Architect I.M. Pei's Influence on Apple

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I.M. Pei Louvre

Legendary architect I.M. Pei passed away Thursday, aged 102. Most famous for the glass pyramid at the Louvre, he also had a major influence on Apple, Cult of Mac reported.

I.M. Pei first got involved with Apple in the early 80s, before it even launched the first Macintosh. Jobs wanted to hire I.M. Pei to design a campus for Apple in Coyote Valley, San Jose. This didn’t end up happening, but Jobs and Pei did work together not long after. The first instance was an ongoing project to create an apartment in the San Remo, a Neo-Renaissance apartment building in New York City. Jobs hired I.M. Pei’s firm to work on the project, although Jobs never wound up living there.

Grumpy Cat: Viral Sensation Dies at Age 7

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Grumpy Cat has died at age 7, reported Buzzfeed News. The pet went viral in September 2012 when a picture of it appeared on Reddit. After that, Grumpy Cat’s life was never the same again.

She died in the arms of her owner on Tuesday, according to an emotional statement posted on Twitter. “Despite care from top professionals, as well as from her very loving family, Grumpy encountered complications from a recent urinary tract infection that unfortunately became too tough for her to overcome,” it read.”She passed away peacefully on the morning of Tuesday, May 14, at home in the arms of her mommy, Tabatha.”

New ProtonMail Anti-Phishing Feature Makes You Confirm

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For the past several days I’ve seen a new dialog box whenever I tap on a link in ProtonMail for iOS. It turns out that it’s a new ProtonMail anti-phishing feature.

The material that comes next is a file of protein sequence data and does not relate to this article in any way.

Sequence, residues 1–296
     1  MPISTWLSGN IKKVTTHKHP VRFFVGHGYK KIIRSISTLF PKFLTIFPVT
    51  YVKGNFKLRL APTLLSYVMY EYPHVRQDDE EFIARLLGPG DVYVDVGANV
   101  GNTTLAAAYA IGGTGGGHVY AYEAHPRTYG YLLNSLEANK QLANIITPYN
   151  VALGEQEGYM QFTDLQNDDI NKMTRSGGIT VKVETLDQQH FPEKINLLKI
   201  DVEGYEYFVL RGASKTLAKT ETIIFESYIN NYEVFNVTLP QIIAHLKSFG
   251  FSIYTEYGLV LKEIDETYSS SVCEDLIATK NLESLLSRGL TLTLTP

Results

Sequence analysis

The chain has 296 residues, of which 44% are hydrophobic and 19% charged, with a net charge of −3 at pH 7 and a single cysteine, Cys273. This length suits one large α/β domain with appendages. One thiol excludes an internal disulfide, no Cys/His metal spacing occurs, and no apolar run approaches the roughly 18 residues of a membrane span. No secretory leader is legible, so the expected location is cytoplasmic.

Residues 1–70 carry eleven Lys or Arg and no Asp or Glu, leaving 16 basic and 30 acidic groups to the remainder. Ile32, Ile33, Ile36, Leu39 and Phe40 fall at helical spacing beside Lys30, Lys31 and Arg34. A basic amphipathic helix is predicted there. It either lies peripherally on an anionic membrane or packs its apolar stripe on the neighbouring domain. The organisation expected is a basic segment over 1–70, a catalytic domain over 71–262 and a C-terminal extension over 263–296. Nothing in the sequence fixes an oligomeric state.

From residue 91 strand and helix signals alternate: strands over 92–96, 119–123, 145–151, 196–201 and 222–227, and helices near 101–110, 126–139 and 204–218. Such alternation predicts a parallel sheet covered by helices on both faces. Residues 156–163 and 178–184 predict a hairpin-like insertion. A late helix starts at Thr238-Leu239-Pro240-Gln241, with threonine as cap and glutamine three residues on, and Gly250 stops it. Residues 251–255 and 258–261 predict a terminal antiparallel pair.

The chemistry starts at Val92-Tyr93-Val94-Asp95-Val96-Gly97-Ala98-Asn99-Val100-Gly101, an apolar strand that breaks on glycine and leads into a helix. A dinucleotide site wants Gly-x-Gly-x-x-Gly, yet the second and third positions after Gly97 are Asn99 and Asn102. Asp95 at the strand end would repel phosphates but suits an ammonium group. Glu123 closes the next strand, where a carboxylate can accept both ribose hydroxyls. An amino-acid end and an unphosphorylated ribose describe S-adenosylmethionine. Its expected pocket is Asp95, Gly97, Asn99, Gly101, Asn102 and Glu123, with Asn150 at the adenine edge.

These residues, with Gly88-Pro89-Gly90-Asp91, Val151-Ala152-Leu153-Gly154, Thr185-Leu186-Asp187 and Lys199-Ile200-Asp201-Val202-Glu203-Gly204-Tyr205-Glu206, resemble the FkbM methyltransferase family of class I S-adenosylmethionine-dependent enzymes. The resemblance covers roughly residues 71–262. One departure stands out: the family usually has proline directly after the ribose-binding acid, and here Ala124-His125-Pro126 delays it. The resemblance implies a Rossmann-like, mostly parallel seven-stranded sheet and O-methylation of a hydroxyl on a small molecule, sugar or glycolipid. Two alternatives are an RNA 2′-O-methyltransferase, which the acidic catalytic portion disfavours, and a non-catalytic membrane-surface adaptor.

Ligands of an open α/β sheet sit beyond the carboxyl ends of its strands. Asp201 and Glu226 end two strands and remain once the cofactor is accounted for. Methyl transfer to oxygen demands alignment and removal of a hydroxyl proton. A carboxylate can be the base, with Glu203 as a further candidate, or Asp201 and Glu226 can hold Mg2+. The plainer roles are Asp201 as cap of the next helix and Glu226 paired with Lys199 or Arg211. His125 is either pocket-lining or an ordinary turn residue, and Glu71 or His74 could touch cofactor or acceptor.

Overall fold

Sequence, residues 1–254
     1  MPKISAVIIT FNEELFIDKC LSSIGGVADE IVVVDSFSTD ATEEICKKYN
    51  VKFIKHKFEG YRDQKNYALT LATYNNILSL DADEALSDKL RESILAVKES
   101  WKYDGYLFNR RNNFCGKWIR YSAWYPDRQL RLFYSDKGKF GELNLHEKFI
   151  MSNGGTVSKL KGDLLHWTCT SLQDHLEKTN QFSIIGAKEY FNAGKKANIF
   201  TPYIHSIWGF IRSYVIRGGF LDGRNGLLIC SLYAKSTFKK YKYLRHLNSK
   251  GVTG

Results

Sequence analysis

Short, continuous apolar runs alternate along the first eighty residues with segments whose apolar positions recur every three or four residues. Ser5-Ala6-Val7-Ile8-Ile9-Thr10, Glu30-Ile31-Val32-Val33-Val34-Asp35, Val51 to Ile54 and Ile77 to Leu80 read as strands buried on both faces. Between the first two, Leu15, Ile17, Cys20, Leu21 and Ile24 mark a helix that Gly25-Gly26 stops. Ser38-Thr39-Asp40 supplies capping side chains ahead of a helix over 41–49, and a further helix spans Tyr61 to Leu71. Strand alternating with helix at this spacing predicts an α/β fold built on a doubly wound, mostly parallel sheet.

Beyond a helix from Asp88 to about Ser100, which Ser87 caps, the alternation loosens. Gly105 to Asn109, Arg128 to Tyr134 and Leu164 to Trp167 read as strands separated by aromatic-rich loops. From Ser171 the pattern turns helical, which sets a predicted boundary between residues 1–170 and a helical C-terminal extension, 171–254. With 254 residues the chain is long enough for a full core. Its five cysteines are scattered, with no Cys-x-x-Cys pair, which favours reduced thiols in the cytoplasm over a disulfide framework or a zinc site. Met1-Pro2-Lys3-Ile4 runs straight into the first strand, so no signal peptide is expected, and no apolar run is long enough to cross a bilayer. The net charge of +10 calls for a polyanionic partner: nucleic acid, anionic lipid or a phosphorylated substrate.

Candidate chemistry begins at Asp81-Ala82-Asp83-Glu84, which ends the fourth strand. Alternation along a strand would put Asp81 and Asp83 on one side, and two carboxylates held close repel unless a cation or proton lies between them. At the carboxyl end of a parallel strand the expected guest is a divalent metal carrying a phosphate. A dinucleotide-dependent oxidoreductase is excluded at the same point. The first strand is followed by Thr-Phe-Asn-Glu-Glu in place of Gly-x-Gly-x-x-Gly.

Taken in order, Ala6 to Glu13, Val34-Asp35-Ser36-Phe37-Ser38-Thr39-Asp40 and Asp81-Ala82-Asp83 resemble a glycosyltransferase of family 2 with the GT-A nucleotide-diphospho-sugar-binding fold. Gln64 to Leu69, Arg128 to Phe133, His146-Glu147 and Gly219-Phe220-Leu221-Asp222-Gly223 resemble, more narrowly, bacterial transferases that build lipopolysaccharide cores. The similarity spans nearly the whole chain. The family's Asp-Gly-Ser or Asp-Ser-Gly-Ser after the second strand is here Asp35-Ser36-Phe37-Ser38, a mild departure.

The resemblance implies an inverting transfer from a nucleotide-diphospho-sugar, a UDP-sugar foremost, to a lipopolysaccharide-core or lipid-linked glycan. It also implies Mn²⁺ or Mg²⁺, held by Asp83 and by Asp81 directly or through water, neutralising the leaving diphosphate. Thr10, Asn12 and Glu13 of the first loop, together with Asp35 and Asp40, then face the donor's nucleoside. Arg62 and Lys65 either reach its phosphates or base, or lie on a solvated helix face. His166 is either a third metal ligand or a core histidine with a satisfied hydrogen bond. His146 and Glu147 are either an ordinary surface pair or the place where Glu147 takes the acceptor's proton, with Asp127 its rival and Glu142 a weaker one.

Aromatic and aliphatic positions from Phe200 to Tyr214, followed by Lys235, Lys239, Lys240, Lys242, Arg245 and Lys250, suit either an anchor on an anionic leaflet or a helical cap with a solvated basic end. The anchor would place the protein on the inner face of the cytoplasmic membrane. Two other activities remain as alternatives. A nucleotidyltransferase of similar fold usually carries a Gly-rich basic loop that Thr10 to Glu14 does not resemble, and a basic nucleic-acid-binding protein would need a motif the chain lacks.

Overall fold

Another security improvement is our new link confirmation modal, which is now enabled by default on all our apps. This anti-phishing feature helps you avoid opening a link by mistake or going to a different page than you intended.

macOS: New Details on the Music Player in 10.15

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iTunes on a MacBook

Cult of Mac reports:

Some sources previously stated that the [macOS 10.15 Music] app would be made using Marzipan, which lets developers easily port iPad apps to the desktop. But new information reveals that won’t be the case.

In fact,

The Mac’s next-generation Music app will be based on iTunes, not ported over from iOS.

This makes some sense. The legacy macOS iTunes has a lot of Mac-specific code, including iOS device syncing and encrypted backups. But it’s probably also just phase one in the evolution of iTunes/Music on the Mac.

Psst...You can Turn off Autocorrect for iPad Hardware Keyboards

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OSXDaily has been a lifesaver lately. I’ve been annoyed at my Logitech Slim Folio Pro keyboard, because the rigid rubber bumpers on the corner make it difficult to take a screenshot using the buttons. Then came this article saying you can take screenshots with a keyboard shortcut, something I should’ve known because it’s the same shortcut on the Mac. Oh well.

Then last night, I was annoyed with yet another typo in an article. I blame them entirely on iOS’s aggressive autocorrection, because the iPad Pro is my daily work machine now. Literally a couple hours later, the website published a tip saying you can turn off autocorrect for hardware keyboards.